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International Journal of Business and Social Science

Vol. 3 No. 3; February 2012

Assessing Learning Organization Dimensions and Demographic Factors in


Technical and Vocational Colleges in Iran
Khosrow Nazari
Foundation of Education
Faculty of Educational Studies
University Putra Malaysia
43400 UPM, Serdang Selangor Darul Ehsan
Malaysia.
Zaidatol Akmaliah Lope Pihie
Science and Technical Education
Faculty of Educational Studies
University Putra Malaysia
43400 UPM, Serdang Selangor Darul Ehsan
Malaysia.
Abstract
People in organizations have critical key roles in creating sustainable development. Assessing the level of
learning organization dimensions and differences based on demographics such as age and education level were
purposes of the study. Performing the study in four provinces of Fars, Khuzestan, Boushehr, and Kohgilouyeh and
Boyerahmad in Iran, all full and part time lecturers in Technical and Vocational Colleges were participated in
the study. Survey method and ANOVA analysis were employed to collect and analyze data. The findings showed
that the perception levels of respondents were rated from low, moderate to high with significant differences based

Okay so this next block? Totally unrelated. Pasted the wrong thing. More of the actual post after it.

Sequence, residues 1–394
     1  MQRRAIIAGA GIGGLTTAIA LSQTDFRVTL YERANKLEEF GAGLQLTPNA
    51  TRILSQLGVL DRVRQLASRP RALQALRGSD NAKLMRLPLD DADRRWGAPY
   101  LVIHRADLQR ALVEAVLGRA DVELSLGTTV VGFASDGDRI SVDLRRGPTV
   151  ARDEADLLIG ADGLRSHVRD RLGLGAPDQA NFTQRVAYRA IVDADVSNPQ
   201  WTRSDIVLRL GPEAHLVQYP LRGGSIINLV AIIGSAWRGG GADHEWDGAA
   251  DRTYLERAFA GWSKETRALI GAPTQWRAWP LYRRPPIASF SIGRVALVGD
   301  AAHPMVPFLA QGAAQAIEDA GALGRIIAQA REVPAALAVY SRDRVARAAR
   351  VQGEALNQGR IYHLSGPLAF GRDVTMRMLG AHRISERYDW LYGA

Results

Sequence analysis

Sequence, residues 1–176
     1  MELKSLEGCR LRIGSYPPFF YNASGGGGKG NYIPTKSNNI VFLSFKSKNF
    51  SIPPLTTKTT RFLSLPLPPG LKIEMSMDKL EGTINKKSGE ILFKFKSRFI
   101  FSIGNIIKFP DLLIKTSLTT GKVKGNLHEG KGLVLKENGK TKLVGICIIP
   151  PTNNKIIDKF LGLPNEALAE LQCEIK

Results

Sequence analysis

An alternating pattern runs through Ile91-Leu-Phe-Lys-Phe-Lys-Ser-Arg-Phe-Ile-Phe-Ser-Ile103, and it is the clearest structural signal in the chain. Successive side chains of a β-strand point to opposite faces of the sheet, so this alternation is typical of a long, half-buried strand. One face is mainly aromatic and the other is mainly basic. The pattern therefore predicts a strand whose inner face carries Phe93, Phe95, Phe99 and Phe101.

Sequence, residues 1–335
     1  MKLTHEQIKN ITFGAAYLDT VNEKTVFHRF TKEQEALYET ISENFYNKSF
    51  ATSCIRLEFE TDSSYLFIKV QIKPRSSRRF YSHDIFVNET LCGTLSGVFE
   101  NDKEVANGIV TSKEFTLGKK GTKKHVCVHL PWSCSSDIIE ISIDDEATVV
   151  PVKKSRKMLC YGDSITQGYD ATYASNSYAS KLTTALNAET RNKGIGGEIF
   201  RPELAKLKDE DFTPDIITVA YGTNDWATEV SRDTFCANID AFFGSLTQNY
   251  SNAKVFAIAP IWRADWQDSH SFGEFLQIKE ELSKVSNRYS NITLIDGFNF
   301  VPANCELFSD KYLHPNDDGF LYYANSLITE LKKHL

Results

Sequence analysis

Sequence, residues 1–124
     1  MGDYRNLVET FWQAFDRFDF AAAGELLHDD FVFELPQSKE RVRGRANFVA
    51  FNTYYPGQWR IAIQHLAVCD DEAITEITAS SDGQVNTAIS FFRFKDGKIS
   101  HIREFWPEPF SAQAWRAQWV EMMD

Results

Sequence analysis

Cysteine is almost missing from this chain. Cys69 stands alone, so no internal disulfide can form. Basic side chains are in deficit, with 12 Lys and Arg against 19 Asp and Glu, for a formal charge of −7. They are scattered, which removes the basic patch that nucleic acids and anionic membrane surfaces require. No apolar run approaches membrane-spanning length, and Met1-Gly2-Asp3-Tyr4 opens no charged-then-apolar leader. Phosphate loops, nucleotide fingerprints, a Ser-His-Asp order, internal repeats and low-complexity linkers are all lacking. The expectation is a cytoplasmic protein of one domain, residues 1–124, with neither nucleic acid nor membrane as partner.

on education level and age. The results can be evaluated as useful information and guidance for educational
leaders and administrators in management of higher education institutions.

Key Words: Learning Organization Dimensions, demographic variables, Technical and Vocational Colleges,
Iran

1. Introduction and Problem Statement


The globalization has made education industry not to be able to respond quickly and flexibly to the increasing
expectations and unpredicted and changing environments. Many believe that to overcome todays difficulties in
education systems; learning organization is the best choice (Ayupp & Perumal, 2008; Moloi, 2010; Senge, 2006).
In a learning organization, people learn how to advance organizational learning through challenging assumptions
and existing patterns of behaviors, forecast change, learn to think systematically, and develop processes. They
work together to make process improvements that benefit institutional stakeholders such as students,
administrators, faculty and staff (Freed, 2001). Learning in organizations with the purpose of making employees